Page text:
Let’s start this week’s ‘A View from the Frontier’ with an unlikely confession…
I have never been to Free Comic Book Day before.
That’s perhaps not as odd a statement as it may initially sound. I’m in the incredibly fortunate position of living Free Comic Book Life, after all, and I’m regularly sent more comics and graphic novels in a month than I could read in an entire year.
On Saturday, though, I made the trip into London specifically to see our 2016 Broken Frontier ‘Six to Watch‘ artist Rebecca Bagley doing her bit as one of Gosh Comics’s window-painting guests and was completely sucked into the sheer excitement and spirit of the day.
I’m not going to talk about the freebies on offer here simply because I didn’t pick any up. Saturday was for those who don’t get free comics on a regular basis. What I do want to focus on here, though, is how Gosh used their early FCBD slots to reach out to that all-important and – so we are often led to believe – ever elusive audience of younger comics readers.
Gosh gave over their morning and early afternoon programme to a kids workshop event that allowed children to meet creators from Gary Northfield’s Bog Eyed Books, the esteemed Brit weekly The Phoenix and Nobrow’s Flying Eye Books – all as part of a special ‘Draw with the Artists’ table. The shop was buzzing throughout, with that next generation of fans enthusiastically interacting with the talents behind some of the best all-ages work out there at the moment.
Simultaneously, some top indie talents (including a number of BF faves) were keeping those queuing outside entertained by displaying their painting skills on the windows of Gosh! with their own interpretations of some favourite children’s characters. The aforementioned Rebecca Bagley (also a star of our upcoming second Broken Frontier Small Press Yearbook) is seen in the top image above right in a moment of intense concentration as she brought Tove Jansson’s Moomins to life.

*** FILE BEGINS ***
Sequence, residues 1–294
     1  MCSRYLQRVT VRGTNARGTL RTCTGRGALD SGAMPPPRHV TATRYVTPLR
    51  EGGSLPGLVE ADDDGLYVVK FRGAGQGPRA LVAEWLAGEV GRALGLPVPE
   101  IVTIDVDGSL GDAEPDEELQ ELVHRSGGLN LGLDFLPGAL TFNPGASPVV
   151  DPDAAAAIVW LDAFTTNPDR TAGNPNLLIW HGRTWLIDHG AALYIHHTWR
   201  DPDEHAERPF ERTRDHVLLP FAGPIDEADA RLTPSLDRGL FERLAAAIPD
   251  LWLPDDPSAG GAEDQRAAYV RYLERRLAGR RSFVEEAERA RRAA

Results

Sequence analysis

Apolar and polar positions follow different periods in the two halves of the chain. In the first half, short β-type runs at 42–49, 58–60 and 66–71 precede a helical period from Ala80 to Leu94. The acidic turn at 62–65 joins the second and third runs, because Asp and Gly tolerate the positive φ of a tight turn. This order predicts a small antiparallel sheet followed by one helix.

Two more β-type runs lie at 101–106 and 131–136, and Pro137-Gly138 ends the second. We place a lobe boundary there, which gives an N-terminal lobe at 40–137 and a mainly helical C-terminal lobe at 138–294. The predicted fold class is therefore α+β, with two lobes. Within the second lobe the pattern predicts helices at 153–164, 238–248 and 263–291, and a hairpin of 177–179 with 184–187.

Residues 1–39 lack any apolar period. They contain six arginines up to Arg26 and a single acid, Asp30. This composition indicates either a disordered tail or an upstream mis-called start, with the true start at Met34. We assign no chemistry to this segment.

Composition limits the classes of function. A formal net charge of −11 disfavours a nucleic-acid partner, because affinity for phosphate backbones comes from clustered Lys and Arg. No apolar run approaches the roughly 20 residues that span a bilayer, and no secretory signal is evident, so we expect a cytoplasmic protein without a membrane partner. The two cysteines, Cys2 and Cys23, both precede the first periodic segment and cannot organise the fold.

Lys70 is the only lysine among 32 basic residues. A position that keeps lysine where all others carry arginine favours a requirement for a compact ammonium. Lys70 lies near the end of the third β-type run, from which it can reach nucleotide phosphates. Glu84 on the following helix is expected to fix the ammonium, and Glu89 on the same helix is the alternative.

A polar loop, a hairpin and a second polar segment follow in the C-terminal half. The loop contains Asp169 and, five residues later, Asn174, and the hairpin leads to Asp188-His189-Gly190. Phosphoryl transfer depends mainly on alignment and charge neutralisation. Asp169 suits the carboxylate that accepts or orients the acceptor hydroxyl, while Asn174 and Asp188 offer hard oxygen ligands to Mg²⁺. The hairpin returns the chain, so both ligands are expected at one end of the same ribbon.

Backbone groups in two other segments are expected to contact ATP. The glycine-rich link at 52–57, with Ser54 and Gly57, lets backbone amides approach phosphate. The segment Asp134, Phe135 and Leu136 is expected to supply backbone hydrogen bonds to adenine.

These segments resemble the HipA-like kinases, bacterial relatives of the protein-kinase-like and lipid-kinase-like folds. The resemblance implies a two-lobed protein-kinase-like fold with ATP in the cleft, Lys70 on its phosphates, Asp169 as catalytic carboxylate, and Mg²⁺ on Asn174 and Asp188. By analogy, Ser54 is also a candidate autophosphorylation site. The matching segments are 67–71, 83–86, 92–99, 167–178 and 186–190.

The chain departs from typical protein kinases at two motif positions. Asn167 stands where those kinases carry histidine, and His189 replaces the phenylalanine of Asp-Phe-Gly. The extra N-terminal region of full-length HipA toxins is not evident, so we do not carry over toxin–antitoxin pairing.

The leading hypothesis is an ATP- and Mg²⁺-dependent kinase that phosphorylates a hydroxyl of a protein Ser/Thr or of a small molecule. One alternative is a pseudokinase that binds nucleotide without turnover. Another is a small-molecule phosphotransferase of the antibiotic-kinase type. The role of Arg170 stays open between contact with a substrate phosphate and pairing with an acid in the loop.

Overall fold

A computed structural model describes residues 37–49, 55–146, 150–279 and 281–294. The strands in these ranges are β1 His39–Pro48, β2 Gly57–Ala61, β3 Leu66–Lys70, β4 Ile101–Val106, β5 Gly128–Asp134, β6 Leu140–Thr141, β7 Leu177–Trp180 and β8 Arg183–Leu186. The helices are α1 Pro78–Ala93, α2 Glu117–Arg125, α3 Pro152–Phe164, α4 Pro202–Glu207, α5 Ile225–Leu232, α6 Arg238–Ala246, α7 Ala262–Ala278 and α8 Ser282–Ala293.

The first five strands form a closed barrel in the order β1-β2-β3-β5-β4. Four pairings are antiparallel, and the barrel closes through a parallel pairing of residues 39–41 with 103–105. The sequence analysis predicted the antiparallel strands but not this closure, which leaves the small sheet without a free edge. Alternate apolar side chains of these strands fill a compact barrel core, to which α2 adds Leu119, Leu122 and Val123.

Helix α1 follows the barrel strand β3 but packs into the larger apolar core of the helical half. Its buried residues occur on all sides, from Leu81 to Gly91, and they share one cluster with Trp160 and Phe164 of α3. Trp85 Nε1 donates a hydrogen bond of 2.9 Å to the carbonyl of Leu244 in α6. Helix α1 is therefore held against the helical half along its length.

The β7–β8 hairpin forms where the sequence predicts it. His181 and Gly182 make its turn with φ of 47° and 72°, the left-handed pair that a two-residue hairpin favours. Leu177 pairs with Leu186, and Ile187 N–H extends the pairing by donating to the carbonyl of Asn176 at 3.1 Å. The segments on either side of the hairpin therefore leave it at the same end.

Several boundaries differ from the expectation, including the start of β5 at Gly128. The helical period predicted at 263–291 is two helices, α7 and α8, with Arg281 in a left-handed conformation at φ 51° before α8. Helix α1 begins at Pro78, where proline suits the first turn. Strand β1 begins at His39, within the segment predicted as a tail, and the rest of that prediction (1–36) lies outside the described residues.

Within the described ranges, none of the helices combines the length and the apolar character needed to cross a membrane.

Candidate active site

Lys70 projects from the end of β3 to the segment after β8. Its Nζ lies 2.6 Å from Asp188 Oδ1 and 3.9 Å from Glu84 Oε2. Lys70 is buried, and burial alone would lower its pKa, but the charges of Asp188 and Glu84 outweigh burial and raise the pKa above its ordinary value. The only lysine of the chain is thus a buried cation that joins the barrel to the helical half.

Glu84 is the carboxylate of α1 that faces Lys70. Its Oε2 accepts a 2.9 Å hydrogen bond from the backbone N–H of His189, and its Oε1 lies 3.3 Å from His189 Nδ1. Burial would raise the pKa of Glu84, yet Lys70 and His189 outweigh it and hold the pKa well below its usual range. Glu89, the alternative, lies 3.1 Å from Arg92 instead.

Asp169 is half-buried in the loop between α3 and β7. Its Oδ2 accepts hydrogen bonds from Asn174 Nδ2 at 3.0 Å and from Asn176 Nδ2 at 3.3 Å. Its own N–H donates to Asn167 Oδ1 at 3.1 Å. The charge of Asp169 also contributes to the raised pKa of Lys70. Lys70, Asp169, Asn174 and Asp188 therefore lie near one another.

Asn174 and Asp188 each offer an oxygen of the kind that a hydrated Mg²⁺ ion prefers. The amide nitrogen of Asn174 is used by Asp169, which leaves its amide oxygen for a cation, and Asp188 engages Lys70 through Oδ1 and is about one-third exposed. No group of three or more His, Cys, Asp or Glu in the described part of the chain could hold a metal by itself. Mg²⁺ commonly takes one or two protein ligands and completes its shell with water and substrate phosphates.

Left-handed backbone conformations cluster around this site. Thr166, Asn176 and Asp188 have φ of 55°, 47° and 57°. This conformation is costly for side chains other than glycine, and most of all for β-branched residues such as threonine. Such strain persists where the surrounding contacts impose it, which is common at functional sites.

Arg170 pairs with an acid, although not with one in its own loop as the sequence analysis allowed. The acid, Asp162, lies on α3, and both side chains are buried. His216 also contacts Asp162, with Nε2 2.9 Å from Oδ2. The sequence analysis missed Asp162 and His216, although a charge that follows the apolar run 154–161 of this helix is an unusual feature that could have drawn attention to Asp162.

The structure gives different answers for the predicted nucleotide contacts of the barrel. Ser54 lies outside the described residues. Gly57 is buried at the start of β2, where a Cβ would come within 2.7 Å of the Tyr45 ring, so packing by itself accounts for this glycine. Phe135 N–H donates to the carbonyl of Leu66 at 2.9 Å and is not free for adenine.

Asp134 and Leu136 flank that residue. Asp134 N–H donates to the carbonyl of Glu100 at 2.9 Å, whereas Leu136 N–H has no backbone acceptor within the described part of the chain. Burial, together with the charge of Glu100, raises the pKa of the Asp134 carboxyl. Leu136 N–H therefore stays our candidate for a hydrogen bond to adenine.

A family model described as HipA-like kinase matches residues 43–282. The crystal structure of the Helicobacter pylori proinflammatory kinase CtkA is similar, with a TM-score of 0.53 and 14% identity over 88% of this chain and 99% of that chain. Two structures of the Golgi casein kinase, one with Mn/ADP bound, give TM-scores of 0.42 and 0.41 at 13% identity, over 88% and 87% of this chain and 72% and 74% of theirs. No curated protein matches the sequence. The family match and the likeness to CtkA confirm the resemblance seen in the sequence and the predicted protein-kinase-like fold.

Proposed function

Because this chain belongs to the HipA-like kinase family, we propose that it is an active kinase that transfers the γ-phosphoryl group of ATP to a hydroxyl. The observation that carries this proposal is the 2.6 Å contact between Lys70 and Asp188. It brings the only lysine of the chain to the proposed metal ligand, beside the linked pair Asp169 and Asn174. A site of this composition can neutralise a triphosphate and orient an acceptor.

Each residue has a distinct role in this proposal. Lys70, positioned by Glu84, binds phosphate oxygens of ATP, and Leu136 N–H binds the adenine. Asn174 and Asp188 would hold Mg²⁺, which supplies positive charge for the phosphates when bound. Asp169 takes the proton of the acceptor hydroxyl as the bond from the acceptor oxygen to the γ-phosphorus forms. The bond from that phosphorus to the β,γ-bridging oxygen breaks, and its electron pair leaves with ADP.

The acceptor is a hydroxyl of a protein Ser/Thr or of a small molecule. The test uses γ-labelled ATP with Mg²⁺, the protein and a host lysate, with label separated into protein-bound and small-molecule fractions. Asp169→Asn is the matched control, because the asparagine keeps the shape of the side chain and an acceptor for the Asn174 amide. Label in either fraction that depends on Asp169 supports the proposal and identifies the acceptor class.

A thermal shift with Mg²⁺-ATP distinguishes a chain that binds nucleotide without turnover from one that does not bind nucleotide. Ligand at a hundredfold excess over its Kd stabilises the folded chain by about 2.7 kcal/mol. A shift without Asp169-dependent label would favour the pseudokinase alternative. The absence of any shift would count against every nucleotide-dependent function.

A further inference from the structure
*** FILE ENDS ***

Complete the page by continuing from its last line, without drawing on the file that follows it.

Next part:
Dan White (Cindy and Biscuit) gave us his version of the Teenage Mutant Ninja Turtles, Lizzy Stewart (It’s Not What You Thought it Would Be) channelled Maurice Sendak, Lando (Decadence Comics) recreated Long John Silver from Treasure Island in lizard form, and Eleni Kalorkoti (Reads) brought us an engrossed Matilda. Perhaps my favourite moment of the morning, though, was when a small lad pointed at Rachael Stott (Doctor Who) working on her rendition of Mr. Toad and exclaimed “Dad! Look! Ghost Rider!”. Well, Thor did it in the ’80s didn’t he…?
Utilising Free Comic Book Day as an opportunity to reach out to kids and encourage an interest in a whole new audience of readers seems to me to be far more in the spirit and ethos of the day than exploiting it as a sales platform for your next corporate comics crossover event. A great day at Gosh! all round and a story that I am certain was being repeated around the world on Saturday. And just think, in a couple of months we get to celebrate that sense of comics community all over again in the UK as Small Press Day approaches…
– Andy Oliver, Broken Frontier Editor-in-Chief, May 8th, 2017
For regular updates on all things small press and Broken Frontier follow Andy Oliver on Twitter here.